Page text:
Emmi says that the rollercoaster sales cycle can take an emotional toll on him and the team. It means OneButton focuses on not overwhelming its infrastructure when business is thriving, while at the same time sustaining a full, more even pipeline of new business.
“That is the biggest challenge because a large project can mean a significant portion of your overall revenue. If it comes in, your revenue is up 20%. If not, you are down 20%,” he says. “We thought that as we did more work, the lumpiness would even out, but actually it can get worse. That uneven business cycle can make the accounting process a challenge. We had to determine when and how we recognize revenue over the course of time.”
One way OneButton works to keep the team on an even keel is with the Bohemian vibe in its Brooklyn headquarters. The building features exposed bricks and beams, and even has indications of old arson fires that occurred from ethnic labor battles 100 years ago.
Eventually, the building fell vacant and was filled with squatters. Then, 15 years ago a huge fire destroyed every other building on the block. Today, the area houses movie production crews and is filled with up-and-comers.
OneButton’s open-office design reflects that hip culture, and that has enabled the company to attract some key talent. Prior to the pandemic, the company employed four technicians, three project managers, a dedicated support person, three in the design/engineering/programming department, showroom manager Marisa Marouche, and a VP of operations.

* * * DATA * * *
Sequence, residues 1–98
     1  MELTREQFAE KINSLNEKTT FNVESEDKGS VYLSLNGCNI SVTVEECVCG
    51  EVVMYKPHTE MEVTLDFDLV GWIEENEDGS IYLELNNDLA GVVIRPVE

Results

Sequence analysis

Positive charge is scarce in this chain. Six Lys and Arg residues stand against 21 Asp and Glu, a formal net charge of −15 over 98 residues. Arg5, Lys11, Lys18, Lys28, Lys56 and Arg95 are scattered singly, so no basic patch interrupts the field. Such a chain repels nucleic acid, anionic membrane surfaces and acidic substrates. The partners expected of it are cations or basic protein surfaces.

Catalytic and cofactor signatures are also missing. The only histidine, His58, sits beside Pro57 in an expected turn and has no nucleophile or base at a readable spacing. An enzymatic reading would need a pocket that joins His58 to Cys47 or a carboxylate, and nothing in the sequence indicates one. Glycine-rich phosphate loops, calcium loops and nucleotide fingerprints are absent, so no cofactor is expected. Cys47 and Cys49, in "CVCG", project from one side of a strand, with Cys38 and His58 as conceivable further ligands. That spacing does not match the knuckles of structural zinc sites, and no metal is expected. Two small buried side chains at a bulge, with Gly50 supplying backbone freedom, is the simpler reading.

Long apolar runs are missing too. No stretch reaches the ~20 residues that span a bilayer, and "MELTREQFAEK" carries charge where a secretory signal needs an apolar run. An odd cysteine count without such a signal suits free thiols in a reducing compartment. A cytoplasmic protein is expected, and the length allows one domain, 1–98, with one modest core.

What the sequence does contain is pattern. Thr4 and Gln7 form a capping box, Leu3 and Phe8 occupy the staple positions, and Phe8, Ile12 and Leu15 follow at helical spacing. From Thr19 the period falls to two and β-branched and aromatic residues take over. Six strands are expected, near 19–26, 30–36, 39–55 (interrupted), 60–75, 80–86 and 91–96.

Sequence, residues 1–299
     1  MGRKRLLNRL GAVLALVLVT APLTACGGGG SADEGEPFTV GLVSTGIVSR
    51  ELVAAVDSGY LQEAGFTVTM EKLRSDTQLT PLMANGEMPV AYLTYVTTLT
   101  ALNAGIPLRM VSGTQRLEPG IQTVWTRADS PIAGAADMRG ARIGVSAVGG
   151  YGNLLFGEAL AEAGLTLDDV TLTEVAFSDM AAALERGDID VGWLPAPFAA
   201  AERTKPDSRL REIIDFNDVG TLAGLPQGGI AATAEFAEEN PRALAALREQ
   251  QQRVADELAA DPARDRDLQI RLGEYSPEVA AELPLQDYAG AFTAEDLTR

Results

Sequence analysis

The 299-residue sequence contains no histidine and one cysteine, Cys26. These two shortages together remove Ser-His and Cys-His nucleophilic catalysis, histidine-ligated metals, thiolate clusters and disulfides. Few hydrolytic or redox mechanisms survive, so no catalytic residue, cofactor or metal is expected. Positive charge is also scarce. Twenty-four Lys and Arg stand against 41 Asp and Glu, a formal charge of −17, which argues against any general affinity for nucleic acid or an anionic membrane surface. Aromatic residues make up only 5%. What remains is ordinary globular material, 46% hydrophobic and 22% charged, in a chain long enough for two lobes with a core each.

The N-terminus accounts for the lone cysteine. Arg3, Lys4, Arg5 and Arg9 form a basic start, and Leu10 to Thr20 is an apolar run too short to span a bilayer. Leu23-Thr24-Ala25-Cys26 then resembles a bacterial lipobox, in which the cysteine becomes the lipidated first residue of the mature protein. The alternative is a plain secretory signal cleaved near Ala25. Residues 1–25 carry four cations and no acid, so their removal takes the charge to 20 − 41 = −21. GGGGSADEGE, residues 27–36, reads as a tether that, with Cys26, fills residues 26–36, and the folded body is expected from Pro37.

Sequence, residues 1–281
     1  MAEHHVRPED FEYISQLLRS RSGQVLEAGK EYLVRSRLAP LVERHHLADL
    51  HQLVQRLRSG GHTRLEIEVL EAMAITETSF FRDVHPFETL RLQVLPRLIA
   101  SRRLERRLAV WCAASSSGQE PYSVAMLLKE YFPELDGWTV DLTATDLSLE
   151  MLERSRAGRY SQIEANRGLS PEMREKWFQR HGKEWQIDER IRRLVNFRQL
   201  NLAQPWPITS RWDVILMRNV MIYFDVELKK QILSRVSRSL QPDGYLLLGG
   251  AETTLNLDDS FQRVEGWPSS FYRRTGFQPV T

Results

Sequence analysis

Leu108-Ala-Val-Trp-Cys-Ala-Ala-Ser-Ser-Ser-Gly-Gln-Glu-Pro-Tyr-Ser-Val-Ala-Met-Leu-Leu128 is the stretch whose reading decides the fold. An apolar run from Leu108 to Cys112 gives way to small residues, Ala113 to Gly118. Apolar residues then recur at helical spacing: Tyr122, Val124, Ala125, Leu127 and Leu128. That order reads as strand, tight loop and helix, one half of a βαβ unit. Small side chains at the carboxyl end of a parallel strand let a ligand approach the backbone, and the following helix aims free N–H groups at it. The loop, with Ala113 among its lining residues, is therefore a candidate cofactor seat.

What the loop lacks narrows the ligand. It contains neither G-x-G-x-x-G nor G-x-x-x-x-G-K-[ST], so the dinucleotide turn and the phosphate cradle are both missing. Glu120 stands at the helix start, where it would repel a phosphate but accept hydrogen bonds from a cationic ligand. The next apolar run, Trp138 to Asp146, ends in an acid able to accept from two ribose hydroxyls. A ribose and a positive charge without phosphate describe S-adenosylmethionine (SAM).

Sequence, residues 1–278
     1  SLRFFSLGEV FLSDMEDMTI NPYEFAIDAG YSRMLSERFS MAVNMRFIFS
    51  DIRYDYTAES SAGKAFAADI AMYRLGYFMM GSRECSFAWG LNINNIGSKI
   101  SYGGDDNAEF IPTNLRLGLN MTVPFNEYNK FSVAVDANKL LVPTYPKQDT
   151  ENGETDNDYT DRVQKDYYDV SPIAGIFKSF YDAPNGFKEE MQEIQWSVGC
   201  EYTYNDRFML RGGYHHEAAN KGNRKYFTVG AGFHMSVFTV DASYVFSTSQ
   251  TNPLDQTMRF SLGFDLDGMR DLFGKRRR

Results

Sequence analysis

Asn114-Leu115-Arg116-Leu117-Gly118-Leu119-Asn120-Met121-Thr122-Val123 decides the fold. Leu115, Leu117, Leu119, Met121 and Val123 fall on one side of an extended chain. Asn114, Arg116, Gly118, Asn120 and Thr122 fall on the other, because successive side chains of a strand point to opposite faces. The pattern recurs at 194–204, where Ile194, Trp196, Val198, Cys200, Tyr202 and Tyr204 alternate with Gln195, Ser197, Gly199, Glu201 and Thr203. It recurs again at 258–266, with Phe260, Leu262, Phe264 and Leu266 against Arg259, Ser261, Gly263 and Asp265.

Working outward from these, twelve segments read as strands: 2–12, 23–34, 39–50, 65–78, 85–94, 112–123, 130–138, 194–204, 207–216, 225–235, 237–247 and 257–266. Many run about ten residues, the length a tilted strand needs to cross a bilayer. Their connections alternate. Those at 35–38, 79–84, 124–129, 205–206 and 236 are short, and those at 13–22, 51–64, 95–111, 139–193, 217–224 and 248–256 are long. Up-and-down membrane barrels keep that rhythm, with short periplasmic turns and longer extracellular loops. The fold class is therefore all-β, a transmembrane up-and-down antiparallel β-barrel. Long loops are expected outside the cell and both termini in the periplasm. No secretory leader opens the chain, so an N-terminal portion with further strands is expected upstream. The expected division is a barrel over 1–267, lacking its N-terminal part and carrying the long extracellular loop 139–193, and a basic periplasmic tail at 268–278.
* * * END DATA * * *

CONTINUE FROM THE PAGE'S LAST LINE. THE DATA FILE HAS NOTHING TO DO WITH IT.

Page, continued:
“It helps that it’s an open office, because then you’re setting the tone that it’s a team collaborative environment,” says Marouche. “We’re always throwing out ideas across the room to each other. I think everybody likes to step in and help each other with their job. Nobody’s looking to just kind of take credit for one thing, we all just want to get that done together.”
The office is also a living laboratory where the team tests its creative ideas.
“We like to work in a fun and productive manner,” says Emmi. “I truly believe you’re doing your best work when you’re in a positive state, your state of happiness, and when you’re engaged and energized by those around you. These guys are engaged … everybody here is kind of a big Petri dish. It’s a fun way for us to experiment on our social theories of how work can be done, and how work can change. It’s constantly evolving over time, based on life experiences.”
Those life experiences to which Emmi refers are often drawn from his travels around the world. He grew up spending his summers in Sweden; thus, he has tried to adopt some thoughts, ideas and values from Swedish work culture.
“We’re really good at is finding excellent people who are self-motivated. Ninety-nine times out of 100, Marisa’s done something before I’ve even suggested it. That’s tremendous. We are all moving in the same direction,” Emmi notes.